Then click Add Webhook to save your webhook.

devZing configuration

Next log into your devZing account and click “Manage Global Settings”

In the “Github Integration” section select a Bugzilla user that will be used for the integration.

Click Save.

Using

In daily use just include the keyword “bug” next to the Bugzilla defect ID you want to update in the commit message. Remember that the Github webhooks aren’t executed until you push your changes and that there can be several commits in a single push. Every commit message in a push will be evaluated so you can update 1 or 100 bugs in a single push.


XML-RPC Client

From time to time we’ve had people wonder if the XML-RPC API is turned on for their Bugzilla installation. The answer is yes in all cases. Nevertheless it is difficult to verify as Bugzilla will not give you a meaningful response if you go to https://<mybugzilla>/xmlrpc.cgi in your browser.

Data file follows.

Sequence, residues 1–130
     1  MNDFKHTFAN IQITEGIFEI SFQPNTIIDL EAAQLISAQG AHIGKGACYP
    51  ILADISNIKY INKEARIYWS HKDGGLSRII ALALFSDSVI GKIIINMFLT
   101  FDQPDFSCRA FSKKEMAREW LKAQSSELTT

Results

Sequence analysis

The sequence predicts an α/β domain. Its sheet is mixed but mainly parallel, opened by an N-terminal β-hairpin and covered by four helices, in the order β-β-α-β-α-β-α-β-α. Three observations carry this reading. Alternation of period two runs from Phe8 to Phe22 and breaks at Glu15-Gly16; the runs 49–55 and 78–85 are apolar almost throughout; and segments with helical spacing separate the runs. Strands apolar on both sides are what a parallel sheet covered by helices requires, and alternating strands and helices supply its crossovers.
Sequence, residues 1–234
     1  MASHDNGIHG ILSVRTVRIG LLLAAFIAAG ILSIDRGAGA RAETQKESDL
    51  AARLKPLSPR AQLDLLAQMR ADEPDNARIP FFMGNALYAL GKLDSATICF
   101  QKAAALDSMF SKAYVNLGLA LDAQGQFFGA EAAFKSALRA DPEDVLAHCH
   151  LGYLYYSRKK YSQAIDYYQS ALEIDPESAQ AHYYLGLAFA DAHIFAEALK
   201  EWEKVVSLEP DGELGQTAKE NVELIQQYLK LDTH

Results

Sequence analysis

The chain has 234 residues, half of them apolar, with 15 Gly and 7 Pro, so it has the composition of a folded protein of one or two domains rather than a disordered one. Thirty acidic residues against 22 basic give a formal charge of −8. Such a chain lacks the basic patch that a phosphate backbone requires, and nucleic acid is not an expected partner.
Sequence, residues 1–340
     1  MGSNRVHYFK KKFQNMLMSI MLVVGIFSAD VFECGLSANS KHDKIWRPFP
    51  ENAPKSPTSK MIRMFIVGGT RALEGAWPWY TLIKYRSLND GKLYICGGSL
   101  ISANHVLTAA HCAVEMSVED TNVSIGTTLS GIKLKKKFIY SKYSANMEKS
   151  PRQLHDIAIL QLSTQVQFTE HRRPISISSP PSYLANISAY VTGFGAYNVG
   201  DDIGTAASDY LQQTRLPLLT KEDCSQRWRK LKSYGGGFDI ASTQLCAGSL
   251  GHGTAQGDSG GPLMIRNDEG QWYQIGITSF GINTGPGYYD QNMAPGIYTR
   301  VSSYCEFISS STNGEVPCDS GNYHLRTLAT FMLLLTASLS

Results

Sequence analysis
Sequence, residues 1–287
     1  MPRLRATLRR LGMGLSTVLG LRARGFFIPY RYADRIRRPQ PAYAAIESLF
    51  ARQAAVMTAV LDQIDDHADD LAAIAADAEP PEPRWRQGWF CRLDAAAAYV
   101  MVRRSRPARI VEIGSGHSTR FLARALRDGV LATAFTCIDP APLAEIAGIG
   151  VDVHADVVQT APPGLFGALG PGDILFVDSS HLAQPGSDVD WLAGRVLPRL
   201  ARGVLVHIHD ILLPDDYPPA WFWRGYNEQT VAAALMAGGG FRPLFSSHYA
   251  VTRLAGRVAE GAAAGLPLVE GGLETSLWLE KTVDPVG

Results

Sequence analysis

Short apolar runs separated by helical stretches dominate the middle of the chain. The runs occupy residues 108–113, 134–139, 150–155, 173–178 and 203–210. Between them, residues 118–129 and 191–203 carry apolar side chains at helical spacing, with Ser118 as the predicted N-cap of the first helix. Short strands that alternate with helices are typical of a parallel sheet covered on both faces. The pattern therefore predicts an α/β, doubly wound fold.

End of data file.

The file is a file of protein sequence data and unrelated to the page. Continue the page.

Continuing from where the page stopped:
Other clients want to verify some off error message they are getting from a tool that integrates with Bugzilla through the XML-RPC API.

To solve these questions we have deployed our online XML-RPC client.

xml-rpc client

By default it has the URL and credentials for our Bugzilla demo, but you can point it to any Bugzilla with XML-RPC enabled (even https://bugzilla.mozilla.org/).

The tricky bit is the parameter XML.

Bugzilla XML-RPC expects a single <struct> element. The names of the parameters listed in the API docs for each function are the <name> element for the struct <member>s. See Bugzilla::WebService::Server::XMLRPC and Bugzilla::WebService for more information.

For example

<param>
 <struct>
 <member>
 <name>Bugzilla_login</name>
 <value>demo@devzing.com</value>
 </member>
 <member>
 <name>Bugzilla_password</name>